Academic journal article Reading Improvement

Effects of a Metacognitive Reading Program on the Reading Achievement and Metacognitive Strategies of Students with Cases of Dyslexia

Academic journal article Reading Improvement

Effects of a Metacognitive Reading Program on the Reading Achievement and Metacognitive Strategies of Students with Cases of Dyslexia

Article excerpt

To study the effects of Metacognitve Reading Program on Reading achievement and metacognitive strategies of students with cases of dyslexia, the author conducted a single-case quasi-experimental. The conceptual framework of the study was based on the theories of cognitive processes stating that metacognition helps regulate the flow of information through working memory and thus improve learning performance. Subjects chosen were 2 incoming grade two students and 2 incoming grade three students diagnosed as dyslexics. They were referred to Reading Works, a learning center, where they attended a Metacognitive Reading Program. The findings suggest that the use of metacognitive strategies in learning how to read positively improves the subjects Reading achievement. Implications to reading instruction; metacognitive learning; and metacognitive strategy instruction are discussed.

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The roots of low achievement are numerous and varied. Educators and policy makers have implicated a wide range of factors that they perceive to be causes of low levels of achievement of school children.

Many students who encounter achievement problems in school frequently warrant the scrutiny of teachers. They are victims of pre-judgment that they can do no better.

Dyslexic students are given attention in this study, in the hope to help them learn better and thus do not suffer anymore from the disappointing experiences in school.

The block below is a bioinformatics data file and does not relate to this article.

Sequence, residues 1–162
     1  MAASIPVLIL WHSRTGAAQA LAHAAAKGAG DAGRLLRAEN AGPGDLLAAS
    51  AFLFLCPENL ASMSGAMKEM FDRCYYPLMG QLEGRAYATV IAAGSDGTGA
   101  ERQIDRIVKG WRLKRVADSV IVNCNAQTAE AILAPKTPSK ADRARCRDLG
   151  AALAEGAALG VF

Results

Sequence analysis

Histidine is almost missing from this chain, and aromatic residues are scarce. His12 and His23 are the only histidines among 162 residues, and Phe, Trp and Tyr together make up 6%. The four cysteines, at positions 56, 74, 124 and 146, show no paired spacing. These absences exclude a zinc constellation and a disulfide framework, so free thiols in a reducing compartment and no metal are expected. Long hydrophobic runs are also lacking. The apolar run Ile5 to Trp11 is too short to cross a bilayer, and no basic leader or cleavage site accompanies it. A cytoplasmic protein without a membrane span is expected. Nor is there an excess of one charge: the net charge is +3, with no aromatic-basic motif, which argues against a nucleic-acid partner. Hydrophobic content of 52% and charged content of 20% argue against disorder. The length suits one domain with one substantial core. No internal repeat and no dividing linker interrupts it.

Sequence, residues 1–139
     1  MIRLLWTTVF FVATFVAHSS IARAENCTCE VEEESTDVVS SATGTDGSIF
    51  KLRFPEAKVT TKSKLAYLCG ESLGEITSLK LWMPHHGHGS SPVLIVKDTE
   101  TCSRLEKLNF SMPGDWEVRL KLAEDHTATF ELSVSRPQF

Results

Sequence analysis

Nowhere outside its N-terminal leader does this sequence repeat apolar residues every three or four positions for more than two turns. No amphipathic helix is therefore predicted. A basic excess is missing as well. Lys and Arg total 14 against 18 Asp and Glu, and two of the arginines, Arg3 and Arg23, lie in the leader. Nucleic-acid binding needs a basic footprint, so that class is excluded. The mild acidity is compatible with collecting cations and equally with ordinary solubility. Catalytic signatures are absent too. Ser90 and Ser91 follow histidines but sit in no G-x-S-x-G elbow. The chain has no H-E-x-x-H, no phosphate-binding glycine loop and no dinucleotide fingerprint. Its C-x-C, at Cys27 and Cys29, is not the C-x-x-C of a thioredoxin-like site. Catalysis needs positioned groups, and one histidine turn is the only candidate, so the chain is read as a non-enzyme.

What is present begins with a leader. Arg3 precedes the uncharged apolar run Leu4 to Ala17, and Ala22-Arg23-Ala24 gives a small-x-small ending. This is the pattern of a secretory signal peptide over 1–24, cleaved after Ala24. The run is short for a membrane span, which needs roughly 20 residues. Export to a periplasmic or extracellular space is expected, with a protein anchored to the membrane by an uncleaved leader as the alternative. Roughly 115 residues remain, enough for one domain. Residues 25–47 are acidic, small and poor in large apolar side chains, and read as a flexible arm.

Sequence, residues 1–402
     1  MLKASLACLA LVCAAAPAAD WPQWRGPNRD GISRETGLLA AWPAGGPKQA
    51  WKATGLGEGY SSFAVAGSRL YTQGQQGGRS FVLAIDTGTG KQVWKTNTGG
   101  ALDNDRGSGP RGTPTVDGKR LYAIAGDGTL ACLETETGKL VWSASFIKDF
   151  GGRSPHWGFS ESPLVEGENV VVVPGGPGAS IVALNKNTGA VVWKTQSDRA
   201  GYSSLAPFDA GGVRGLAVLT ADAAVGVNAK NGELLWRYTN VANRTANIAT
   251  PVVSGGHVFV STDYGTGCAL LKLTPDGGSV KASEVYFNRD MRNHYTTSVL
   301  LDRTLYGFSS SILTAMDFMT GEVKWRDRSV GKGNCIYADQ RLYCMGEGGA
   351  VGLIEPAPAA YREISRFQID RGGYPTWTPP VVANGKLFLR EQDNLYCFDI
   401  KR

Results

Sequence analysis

This research attempted to study the effects of the Metacognitive Reading Program on the Reading Achievement and Metacognitive Strategies of students with cases of dyslexia.

Specifically, it sought to answer the following questions:

1. How do students differ in terms of reading achievement before and after exposure to the Metacognitive Reading Program?

2. How do students differ in terms of metacognitive strategies before and after the Metacognitive Reading Program?

A. Metacogniton and Instruction

Metacognitive skills seem to be involved in many classroom cognitive activities: comprehension, evaluation, reading, writing, and problem solving, among others. In his discussion of metacognition, Flavell (1985) analyzed it as two domains: metacognitive knowledge and metacognitive experiences. Metacognitive knowledge refers to an individual's knowledge and beliefs about cognitive matters, gained from experience and stored in long-term memory. Humans acquire metacognitive knowledge about people, tasks, and strategies. In a classroom, metacognitive knowledge of tasks operates when the nature of a task forces learners to think about how they will manage. If it is a difficult task, perhaps learners decide to allocate more time, or perhaps to prepare an outline. Metacognitive experiences are either cognitive or affective experiences that relate to cognitive activities. For example, while a reader is reading this he may feel a little uncertain or doubtful about one of the topics, or he may be quite concerned that he does not understand it. As Flavell (1985) noted, metacognitive experiences are most likely to occur when careful, conscious monitoring of one's cognitive efforts is required. The uncertainty or confidence that one may feel about a topic is tied to relevant metacognitive knowledge.

Young children do not learn these memory strategies as readily as do older children and adults; and they are also far less able to organize material. More than this, they are less aware of the importance of doing so. One of the very important differences between them and older learners is that they are not yet reflective about themselves as knowers; they have not yet recognized the special skills that allow them to extract information, to organize, to learn, and of course, to remember. Put another way, they know far less about knowing; they understand less about understanding (Flavell, 1985). …

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